For the installation of a first photovoltaic module, at least two joist elements located in a row parallel to the eaves and in lines running parallel to one another in the pitch-eaves, or ridge-eaves, direction are necessary. The lowest joist element of a line is fastened to a first roof batten with its ridge-side terminal segment, while its eaves-side terminal segment overlaps a neighboring roofing plate in the eaves direction, and is fastened, by means of a stay, for example, to an eaves-side second roof batten. The first module is then placed on the upper side of the lower joist element. The ridge-side joist element to be laid in the same line is connected in the vicinity of its eaves-side terminal segment with the support of the lower joist element, and is placed on the ridge-side on a ridge-side third roof batten. In this case, the ridge-side joist element is supported at a height above the surface of the first module so that it can be moved to adjust it to the respective distance between the roof battens in the eaves direction, without thereby butting up against the first module.

During this displacement, the ridge-side joist element is positioned so that its ridge-side terminal segment can be fastened on one hand to the third roof batten, and on the other hand, so that its eaves-side terminal segment overlaps the first module on its ridge side. The overlapping eaves-side terminal segment of the joist element nearer the ridge thereby prevents the first module from lifting off the joist element underneath. A second module is then placed over two parallel ridge-side joist elements, and overlaps a ridge-side terminal segment of the first module.

The photovoltaic modules laid on the joist elements in a row parallel to the eaves can be butted up against one another or against neighboring roofing plates. In that case, there is a gap at each joint that must be sealed to prevent the penetration of rainwater. On the photovoltaic system as claimed by the invention, therefore sub-roofing elements as described above can be laid on a joist element and underneath the photovoltaic module, the water channels in which can be positioned underneath the longitudinal edge of a photovoltaic module.

The photovoltaic modules, as a result of their dimensions, can be installed in place of a number of commercially available roofing plates. The length of the photovoltaic modules is advantageously the same as the length of a roofing plate. Because the coverage width of concrete roofing tiles is generally 30 cm and the coverage width of clay roofing tiles is 20 cm, the width of a photovoltaic module can be selected, for example, so that it equals the coverage width of four concrete roofing tiles or six clay roofing tiles, for example, so that the outside dimensions of the photovoltaic module are approximately 38 cm×120 cm. Of that area, an area of 25 cm×114 cm can be occupied by photovoltaic elements, whereby on each longitudinal side there can be a free edge of 3 cm, an edge of 2 cm toward the eaves and 11 cm toward the ridge. Such a photovoltaic module can currently use silicon cells to generate an electric power of approximately 35 Watts. One generator unit should have at least 20 modules.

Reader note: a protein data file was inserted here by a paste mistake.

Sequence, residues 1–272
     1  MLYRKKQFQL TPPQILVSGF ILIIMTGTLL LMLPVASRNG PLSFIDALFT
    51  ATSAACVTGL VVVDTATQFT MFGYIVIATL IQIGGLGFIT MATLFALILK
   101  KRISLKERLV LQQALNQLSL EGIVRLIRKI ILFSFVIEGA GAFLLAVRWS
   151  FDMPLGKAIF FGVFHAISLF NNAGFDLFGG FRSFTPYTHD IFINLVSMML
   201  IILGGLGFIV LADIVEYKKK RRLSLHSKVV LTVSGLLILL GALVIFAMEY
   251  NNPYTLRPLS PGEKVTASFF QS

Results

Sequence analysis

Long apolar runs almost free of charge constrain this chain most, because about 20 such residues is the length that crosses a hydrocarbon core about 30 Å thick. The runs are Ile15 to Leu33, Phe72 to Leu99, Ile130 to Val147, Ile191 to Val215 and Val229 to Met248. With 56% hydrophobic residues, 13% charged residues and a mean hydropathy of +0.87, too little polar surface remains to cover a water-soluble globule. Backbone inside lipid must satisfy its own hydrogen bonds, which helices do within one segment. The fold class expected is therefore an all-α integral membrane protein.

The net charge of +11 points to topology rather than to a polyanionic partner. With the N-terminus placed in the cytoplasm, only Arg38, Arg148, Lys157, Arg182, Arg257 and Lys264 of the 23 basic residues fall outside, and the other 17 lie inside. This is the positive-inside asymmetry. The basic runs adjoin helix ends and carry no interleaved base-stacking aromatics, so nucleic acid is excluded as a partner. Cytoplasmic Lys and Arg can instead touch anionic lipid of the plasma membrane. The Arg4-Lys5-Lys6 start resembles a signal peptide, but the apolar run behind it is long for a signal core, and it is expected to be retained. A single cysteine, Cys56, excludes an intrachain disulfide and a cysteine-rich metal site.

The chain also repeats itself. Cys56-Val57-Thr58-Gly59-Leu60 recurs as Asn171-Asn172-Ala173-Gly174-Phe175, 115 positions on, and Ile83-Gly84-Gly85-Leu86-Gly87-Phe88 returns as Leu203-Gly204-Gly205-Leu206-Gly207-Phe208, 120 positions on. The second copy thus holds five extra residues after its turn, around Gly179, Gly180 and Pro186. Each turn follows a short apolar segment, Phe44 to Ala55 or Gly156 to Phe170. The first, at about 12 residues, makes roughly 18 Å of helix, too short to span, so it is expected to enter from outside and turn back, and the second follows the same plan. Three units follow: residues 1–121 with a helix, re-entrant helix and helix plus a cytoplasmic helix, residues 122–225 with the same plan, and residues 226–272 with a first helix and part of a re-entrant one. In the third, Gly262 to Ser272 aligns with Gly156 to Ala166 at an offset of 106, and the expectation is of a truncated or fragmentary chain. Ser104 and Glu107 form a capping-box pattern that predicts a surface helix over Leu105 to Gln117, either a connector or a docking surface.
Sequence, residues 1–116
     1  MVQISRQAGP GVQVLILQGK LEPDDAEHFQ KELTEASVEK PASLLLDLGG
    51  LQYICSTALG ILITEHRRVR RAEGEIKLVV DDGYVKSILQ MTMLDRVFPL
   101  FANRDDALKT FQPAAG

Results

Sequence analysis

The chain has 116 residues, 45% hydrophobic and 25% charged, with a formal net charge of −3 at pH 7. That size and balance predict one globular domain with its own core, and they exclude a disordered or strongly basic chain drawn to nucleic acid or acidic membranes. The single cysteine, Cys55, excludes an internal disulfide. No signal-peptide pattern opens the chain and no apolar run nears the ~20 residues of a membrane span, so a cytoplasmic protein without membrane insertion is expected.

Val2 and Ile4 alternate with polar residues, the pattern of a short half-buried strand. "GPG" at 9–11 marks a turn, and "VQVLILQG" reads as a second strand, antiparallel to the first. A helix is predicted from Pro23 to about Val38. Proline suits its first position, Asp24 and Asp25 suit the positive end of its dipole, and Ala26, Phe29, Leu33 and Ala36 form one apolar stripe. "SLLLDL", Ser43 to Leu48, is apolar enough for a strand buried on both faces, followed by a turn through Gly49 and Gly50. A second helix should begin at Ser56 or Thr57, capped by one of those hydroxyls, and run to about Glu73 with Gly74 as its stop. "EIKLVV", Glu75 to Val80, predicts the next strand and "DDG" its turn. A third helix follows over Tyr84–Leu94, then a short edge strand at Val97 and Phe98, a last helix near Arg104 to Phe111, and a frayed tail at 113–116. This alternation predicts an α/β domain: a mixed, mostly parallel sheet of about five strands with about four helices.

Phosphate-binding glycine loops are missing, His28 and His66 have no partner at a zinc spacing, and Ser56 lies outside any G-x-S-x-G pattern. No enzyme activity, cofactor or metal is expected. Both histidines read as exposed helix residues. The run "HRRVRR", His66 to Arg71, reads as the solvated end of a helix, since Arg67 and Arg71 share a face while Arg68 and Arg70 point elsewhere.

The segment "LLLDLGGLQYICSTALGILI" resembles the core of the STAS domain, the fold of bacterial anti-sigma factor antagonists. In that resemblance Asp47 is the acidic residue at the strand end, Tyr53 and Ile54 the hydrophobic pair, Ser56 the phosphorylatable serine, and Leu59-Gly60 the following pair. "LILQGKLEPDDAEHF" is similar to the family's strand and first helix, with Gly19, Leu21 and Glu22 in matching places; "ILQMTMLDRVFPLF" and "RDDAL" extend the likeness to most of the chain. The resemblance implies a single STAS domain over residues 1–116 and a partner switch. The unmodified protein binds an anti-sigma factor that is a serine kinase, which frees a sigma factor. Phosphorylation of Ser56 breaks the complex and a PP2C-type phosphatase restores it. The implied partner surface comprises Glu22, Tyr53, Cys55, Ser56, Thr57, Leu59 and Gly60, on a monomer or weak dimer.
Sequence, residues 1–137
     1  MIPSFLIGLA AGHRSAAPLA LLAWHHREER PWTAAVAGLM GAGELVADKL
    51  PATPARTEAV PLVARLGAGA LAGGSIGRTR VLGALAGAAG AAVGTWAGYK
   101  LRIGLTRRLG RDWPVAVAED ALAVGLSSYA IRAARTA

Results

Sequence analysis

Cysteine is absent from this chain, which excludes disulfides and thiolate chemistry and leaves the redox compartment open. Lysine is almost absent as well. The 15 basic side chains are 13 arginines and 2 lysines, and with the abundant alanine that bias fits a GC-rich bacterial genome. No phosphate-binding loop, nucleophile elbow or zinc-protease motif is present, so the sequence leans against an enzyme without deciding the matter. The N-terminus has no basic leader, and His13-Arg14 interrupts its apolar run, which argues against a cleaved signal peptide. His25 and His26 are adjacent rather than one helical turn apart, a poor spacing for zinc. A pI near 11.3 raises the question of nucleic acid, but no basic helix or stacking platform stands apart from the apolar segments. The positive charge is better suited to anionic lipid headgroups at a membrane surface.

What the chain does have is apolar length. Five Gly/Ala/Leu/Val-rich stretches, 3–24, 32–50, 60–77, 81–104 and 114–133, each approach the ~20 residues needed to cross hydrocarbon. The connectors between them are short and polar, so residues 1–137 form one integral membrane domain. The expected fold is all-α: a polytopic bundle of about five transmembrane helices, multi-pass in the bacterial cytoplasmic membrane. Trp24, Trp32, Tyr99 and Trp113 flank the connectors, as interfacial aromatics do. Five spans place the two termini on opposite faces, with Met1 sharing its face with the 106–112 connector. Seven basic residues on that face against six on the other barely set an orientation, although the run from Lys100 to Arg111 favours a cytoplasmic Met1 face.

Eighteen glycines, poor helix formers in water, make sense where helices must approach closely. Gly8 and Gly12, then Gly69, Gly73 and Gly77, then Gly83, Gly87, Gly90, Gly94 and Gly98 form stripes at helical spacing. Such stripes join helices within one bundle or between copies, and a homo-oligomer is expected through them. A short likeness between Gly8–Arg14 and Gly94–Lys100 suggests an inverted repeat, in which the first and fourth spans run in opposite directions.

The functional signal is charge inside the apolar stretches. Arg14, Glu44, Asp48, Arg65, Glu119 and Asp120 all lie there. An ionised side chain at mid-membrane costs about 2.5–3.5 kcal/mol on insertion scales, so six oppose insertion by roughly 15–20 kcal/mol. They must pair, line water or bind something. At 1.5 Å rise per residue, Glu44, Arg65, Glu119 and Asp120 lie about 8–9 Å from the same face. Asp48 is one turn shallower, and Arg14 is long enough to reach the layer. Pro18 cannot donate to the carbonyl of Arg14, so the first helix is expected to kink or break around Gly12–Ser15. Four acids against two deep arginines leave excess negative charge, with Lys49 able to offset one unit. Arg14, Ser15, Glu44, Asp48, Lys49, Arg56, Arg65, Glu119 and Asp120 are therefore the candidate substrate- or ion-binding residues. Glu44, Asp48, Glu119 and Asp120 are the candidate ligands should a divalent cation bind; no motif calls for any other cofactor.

In an offset arrangement of the roofing plates, these plates are offset in a row by one-half the coverage width with respect to the edge-side or eaves-side neighboring row. If a plurality of modules are laid partly overlapping one another in the ridge-eaves direction, preferably these modules are likewise offset in each row by one-half the coverage width of a roofing plate when laid adjacent to an offset roof covering, or roofing plate, i.e. by approximately 10 to 15 cm. Because the joist elements can be arranged as required in the transverse direction, it is nevertheless possible to lay them in a line, without requiring any compensation on the edges involving the use of half-width roofing plates.

The distance between the roof battens can be varied from roof to roof as a function of the overlap of the roofing plates. The greatest overlap and thus the smallest coverage length is on a roof that has a flat pitch angle. To be able to integrate the photovoltaic system into any desired roof, it is thereby advantageous if the area within a photovoltaic module that contains the photovoltaic cells is not longer than the shortest coverage length. In this manner, the photovoltaic cells will not be in shadows, which can occur in marginal cases if a module designed for a greater coverage length is inadvertently laid on a roof that has a shorter coverage length. The system is thereby extremely easy to use, and can even be installed by do-it-yourselfers.

The installation of the photovoltaic system is particularly simple if, in relation to the level of the roof substructure, the height of the upper side of a joist element is equal to at least the height of the water channel of a laterally-adjacent roofing plate, so that the edge of a photovoltaic module adjacent to the water channel of a roofing plate is laid overlapping the water channel and the edge of a photovoltaic module adjacent to the cover channel of a roofing plate is laid so that it abuts the cover channel.

The photovoltaic system can be integrated particularly easily into a pitched roof covered with commercially available flat roofing plates made of concrete or clay. Flat roofing plates made of concrete are generally 42 cm long, 33 cm wide and 2.2 cm high. They have a coverage width of 30 cm and, depending on the pitch of the roof, a coverage length from 31 to 34 cm. The height of the water channel is 1.2 cm above the lower edge, so that photovoltaic modules can be laid close up against the upper side of the roofing plates.

The support can be located on the ridge-side end on the upper side of a joist element.